The world of cybersecurity is full of challenges and unknown dangers. Last week, a team of six GW cybersecurity bachelor’s degree students participated in a hands-on learning experience to help them be ready for the real challenges they will face in their future careers. Our student team, comprised of six graduating seniors, with two junior students observing, competed in the invitation-only Commonwealth Cyber Fusion 2019 competition, held February 22-23, 2019 at Virginia Military Institute (VMI).
This is the third year GW students participated in the competition, which is invitation-only for Virginia community colleges and universities that are National Centers of Academic Excellence in Cyber Security (NCAE).
During the event students had the opportunity to participate in cyber challenges, learn from industry professionals, network, and attend a cyber job fair. The event’s goal, co-hosted by Senator Mark R. Warner (D-Va), is to foster the next generation of cybersecurity professionals in Virginia.
“Events such as Cyber Fusion, give our students a great opportunity to operationalize the skills they have learned in the classroom, whilst at the same time speak to industry professional, recruiters and students from other Universities and Colleges in the Commonwealth,” said Dr. Scott White, program director for the Cybersecurity bachelor’s degree program and team head coach for the competition.
The GW Competing Student Team, all seniors, included: Mr. Hamdy Atakora; Mr. Christopher Celestino; Mr. Andrew Pham; Mr. Devin Smith; Ms. Kristique Storm and Mr. Brian Yun.
GW also had two observer students, Mr. Farhan Ahammad and Ms. Kristina Kukarkina, both juniors, who plan to compete next year. Dr. Scott White, program director, acted as the Team’s Head Coach, supported in his role by Mr. Kyle Fiducia, an adjunct professor in the program.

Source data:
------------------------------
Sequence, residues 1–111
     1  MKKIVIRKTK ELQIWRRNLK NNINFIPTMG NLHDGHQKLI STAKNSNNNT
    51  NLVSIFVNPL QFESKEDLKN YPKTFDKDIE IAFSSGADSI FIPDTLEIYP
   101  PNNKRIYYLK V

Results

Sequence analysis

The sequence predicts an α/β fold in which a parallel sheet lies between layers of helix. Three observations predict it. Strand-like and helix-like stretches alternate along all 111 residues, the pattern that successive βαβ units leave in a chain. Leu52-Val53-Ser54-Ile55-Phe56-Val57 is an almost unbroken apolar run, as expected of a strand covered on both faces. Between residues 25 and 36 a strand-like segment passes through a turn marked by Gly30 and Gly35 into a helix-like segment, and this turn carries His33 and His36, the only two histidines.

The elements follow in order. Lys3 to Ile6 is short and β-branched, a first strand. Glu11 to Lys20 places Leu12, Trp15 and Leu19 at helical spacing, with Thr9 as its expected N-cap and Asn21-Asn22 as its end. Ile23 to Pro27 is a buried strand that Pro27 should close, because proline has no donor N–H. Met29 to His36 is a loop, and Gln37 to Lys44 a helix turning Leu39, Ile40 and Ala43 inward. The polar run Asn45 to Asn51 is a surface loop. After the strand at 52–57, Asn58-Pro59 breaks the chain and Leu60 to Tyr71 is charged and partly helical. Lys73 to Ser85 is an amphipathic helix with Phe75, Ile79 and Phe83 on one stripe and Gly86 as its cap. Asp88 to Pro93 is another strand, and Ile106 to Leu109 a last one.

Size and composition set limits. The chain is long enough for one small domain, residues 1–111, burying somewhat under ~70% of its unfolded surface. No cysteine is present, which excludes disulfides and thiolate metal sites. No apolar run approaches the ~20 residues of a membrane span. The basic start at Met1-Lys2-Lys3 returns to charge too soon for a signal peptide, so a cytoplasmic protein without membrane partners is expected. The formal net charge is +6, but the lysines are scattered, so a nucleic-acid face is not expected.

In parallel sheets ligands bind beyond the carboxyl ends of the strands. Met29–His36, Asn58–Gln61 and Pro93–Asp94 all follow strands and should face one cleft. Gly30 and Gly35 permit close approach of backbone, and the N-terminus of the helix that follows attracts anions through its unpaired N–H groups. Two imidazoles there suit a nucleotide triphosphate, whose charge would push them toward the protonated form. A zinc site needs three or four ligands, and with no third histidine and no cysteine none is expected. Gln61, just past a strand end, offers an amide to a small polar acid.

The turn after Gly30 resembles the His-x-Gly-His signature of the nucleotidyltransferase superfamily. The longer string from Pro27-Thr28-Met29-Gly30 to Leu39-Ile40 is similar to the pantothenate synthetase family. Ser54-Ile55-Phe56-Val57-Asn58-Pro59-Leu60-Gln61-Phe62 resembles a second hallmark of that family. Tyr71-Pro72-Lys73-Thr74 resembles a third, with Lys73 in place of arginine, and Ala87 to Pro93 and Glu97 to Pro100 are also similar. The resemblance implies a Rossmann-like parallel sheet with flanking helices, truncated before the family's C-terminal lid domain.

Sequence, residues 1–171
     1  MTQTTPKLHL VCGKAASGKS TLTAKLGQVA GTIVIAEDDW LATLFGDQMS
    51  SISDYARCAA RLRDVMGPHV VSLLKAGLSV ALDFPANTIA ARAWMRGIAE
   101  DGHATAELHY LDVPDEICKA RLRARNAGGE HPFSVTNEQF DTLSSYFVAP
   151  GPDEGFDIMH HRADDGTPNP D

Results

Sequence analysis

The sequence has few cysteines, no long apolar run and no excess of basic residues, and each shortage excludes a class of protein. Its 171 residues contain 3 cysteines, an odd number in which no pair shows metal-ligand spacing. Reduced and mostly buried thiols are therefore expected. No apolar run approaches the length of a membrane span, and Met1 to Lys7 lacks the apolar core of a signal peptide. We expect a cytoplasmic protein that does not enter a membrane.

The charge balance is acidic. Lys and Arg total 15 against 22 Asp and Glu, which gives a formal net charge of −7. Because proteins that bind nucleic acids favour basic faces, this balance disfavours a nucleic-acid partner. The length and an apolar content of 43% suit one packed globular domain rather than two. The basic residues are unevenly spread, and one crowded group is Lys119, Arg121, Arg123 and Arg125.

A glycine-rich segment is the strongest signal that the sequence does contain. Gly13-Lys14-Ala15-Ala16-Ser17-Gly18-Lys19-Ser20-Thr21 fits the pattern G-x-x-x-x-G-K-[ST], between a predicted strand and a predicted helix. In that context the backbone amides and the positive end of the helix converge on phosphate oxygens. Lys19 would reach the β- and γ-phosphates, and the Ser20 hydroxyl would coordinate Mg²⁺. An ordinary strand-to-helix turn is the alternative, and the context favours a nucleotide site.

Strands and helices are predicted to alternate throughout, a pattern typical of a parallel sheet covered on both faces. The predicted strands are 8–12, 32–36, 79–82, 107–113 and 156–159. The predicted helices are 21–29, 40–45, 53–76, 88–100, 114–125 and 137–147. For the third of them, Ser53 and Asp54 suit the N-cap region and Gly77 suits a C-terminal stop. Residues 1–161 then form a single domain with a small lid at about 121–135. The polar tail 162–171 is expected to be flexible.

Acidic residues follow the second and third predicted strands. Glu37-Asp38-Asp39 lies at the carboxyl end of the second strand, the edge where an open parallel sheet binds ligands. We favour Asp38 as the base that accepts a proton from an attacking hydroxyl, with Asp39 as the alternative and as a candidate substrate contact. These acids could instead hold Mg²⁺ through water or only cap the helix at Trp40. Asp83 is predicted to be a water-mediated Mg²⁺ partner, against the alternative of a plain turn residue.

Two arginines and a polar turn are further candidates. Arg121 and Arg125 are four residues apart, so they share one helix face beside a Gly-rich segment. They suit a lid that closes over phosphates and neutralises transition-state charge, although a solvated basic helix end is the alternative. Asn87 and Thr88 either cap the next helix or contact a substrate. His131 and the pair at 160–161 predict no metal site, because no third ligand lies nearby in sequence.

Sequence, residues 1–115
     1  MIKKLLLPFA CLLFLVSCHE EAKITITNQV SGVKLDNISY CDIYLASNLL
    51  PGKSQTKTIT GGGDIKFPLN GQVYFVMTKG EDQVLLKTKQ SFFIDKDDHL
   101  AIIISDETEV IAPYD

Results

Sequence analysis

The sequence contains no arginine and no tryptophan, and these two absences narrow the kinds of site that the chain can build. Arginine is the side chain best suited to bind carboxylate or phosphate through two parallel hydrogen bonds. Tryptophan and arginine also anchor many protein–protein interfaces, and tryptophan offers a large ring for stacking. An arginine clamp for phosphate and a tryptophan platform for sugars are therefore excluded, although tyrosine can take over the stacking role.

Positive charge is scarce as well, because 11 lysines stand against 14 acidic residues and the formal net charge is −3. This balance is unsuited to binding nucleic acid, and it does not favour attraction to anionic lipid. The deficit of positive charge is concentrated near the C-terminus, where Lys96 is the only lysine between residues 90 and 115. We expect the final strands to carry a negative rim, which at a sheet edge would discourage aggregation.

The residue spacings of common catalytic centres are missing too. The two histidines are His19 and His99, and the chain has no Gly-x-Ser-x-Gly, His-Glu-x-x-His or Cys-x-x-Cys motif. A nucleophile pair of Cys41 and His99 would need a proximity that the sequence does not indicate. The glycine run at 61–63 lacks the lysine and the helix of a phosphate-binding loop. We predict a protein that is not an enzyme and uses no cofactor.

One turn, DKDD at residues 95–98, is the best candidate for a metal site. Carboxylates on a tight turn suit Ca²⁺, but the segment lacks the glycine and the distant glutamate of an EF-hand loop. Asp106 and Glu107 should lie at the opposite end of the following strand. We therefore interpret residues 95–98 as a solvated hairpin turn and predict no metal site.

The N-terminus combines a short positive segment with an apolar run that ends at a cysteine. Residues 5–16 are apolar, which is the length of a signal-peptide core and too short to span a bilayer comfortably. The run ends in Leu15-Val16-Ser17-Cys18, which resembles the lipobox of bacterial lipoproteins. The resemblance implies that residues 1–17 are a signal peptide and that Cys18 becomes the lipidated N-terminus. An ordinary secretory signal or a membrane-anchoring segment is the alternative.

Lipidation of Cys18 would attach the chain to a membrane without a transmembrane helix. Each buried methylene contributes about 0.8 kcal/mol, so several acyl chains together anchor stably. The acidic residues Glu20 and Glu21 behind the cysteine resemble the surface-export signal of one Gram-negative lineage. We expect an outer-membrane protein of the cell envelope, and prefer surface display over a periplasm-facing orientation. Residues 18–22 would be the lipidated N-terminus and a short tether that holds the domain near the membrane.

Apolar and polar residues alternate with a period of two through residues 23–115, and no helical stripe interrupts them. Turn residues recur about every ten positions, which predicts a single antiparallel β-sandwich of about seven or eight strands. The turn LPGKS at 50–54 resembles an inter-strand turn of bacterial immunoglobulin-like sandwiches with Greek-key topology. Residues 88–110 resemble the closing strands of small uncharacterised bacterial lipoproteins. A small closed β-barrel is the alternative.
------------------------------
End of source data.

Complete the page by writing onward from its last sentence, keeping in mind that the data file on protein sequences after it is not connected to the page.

During the Virginia Cyber Cup Capture the Flag competition, GW’s team competed against other universities to tackle problems in scenarios designed to model real-world computer security challenges across a range of categories that included cryptography, network traffic analysis, reverse engineering, steganography, and more.
"The event was fun and very organized. I felt excited when the competition kicked off and we all rushed to see what challenges were set before us," said Andrew Pham, one of GW's competing students. "We quickly realized communication and time efficiency were critical. The only people you could rely on were your team, and under that pressure I also felt comradery. Being part of a small team meant you had to work together, share findings and contribute your skills. You had to be sure in what you were doing as you were the pilot in tackling that hurdle. Capturing the flags left to me filled me with pride and watching my team members solve other problems I couldn’t was inspiring. Our successes were met with cheers and our failures with renewed determination."